American Grammy Award-winning soul, R&B, pop and jazz singer Billy Paul was born Paul Williams in [North] Philadelphia, Pennsylvania on December 1, 1934. He had been an active singer in the Philadelphia area where he was raised since the 1950s. Paul was one of the many artists associated with the Philadelphia soul sound created by the producer/song-writing team Kenny Gamble, Leon Huff, and Thom Bell. Under Gamble and Huff, founders of Philadelphia International Records (PIR) Paul’s career prospered.

Billy Paul began his singing career when he was eleven, appearing first on a local radio station then known as WPEN (now WKDN) in Philadelphia. He attended the West Philadelphia Music School and the Granoff School of Music for his formal vocal training. As he got older and continued singing, Paul’s popularity grew and led to appearances in jazz clubs and at college campuses nationally. He changed his birth name to ‘Billy Paul’ to avoid confusion with other music artists such as songwriter Paul Williams and saxophonist Paul “Hucklebuck” Williams. These early experiences led to further signing opportunities including appearing in concert with such music greats as Charlie “Bird” Parker, Dinah Washington, Nina Simone, Miles Davis, The Impressions, Sammy Davis, Jr., Roberta Flack and a brief stint singing with the group Harold Melvin and The Blue Notes.

Paul was drafted into the U.S. Army in 1957, being stationed in Germany with rock and roll music legend Elvis Presley and actor/singer Gary Crosby (son of crooner Bing Crosby). Paul and [Gary] Crosby started a band called the Jazz Blues Symphony Band (whom he and Crosby tried to get Elvis to join) and sang with the 7th Army Band. These opportunities allowed Paul to continue his music passion until his dischargeBillie Holiday from military service when he resumed his professional singing career.

Paul was usually identified by his diverse vocal style which ranged from mellow and soulful to low and raspy. He once stated that his style of singing was particularly influenced by female blues and jazz singers like Nina Simone, Carmen McRae and Nancy Wilson and most especially by Billie Holiday, whom he said was his “biggest influence” in developing his vocal singing style.

Billy-Paul_Me and Mrs Jones_45 recordBilly Paul is best known for his U.S. top-charted 1972 hit, Me and Mrs. Jones. A classic confessional tale of infidelity, Paul’s unorthodox style enhanced the ballad’s sense of guilt.
Me and Mrs. Jones
would receive newfound attention decades later when singer Michael Bublé released a cover version in 2007. Other popular releases from Billy Paul include Thanks For Saving My Life (1974) and Let’s Make A Baby (1976) – a controversial song (of a few sung by Paul) at the time of its release whose lyrics drew the protest of Reverend Jesse Jackson and Operation PUSH who help lead the protest to ban or alter the track lyrics of the song due to its supposed or perceived “obscene and negative” message. Another hit was Paul’s 1977 cover of Let ’Em In (1977) – which was a soulful, funky adaptation cover of the original 1976 hit from [former Beatles member] Paul McCartney and his then-band ‘Wings’. Paul’s cover of Let ’Em In mentioned notable African-American figures such as Dr. Martin Luther King, Malcolm X and Louis Armstrong in lieu of some of the people named in McCartney’s original.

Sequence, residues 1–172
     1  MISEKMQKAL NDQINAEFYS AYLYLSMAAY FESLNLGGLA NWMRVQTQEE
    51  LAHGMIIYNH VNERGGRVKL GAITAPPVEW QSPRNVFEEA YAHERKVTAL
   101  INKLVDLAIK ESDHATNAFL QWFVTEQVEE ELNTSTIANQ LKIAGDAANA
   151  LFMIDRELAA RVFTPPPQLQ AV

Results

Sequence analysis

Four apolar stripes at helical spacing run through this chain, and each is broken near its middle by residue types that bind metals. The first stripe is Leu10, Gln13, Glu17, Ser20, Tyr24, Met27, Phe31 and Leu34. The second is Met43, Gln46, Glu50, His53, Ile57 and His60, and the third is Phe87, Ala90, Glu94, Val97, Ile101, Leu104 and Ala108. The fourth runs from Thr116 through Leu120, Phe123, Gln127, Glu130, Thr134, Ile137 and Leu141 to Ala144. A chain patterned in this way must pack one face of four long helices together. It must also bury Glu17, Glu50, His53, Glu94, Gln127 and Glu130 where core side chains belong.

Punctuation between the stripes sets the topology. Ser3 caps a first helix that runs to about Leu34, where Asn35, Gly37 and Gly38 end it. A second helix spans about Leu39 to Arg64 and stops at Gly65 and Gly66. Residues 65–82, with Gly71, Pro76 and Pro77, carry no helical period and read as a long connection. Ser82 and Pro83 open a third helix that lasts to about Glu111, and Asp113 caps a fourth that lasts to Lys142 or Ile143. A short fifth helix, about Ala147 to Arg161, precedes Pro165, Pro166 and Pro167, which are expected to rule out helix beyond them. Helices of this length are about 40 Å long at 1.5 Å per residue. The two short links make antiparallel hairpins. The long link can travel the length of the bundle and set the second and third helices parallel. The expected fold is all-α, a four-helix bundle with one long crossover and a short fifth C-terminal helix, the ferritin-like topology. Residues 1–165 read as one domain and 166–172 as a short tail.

Paul had continued to make excellent records long but his last chart entry to date came in 1980 with You’re My Sweetness. He recorded for Total Experience and Ichiban Records in the 1980s and would continue to perform throughout the world in addition to running his own production company. He announced his retirement in 1989 on stage while in London. However, like many artists before him, he could not resist the temptation to continue to play live shows and record.

Billy Paul-1Paul released fifteen albums (not counting a 1973 reissue of Feelin’ Good at the Cadillac Club) between 1968 and 1988. While he never again matched the mainstream success of Me and Mrs. Jones, he is recognized by many as a pioneer and important figure in soul music, known for his socially conscious lyrics. In 2008, Billy Paul was inducted into the Philadelphia Walk of Fame.

Billy Paul was recently diagnosed with pancreatic cancer and had been hospitalized the week before his death at Philadelphia’s Temple University Hospital. He was 81 when he transitioned on Sunday afternoon April 24, 2016 at his home in Blackwood, New Jersey.

We thank artist Billy Paul for his many years contribution to the music industry.

– RobFather X

(Excerpts of this transition bio were adapted from various sources.)
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© RobFather X! Productions

Remembering Prince (A Personal)

Facebook Profile-1I had been spending this entire Friday evening trying to select some of the best songs from Prince to play on my radio show later this morning. I confess: it has been very hard for me to do, especially for a show that’s just shy of being three hours long. I’m not worried about what Prince songs I’ll select for my playlist. You see, since my show Saturday At The Oldies W/The RobFather (SAO) has been LIVE on the air for the past eight years, I’ve always played music according to how I’m feeling on the day of the show. When I go on the air several hours from now it will be no different. Still, as I listen to various songs from Prince in the [limited] “Prince Music” category of my music library, I can’t help but have this continuing feeling of disbelief that Prince is gone. He’s GONE! When I woke yesterday morning Prince’s passing was the first thing on my mind.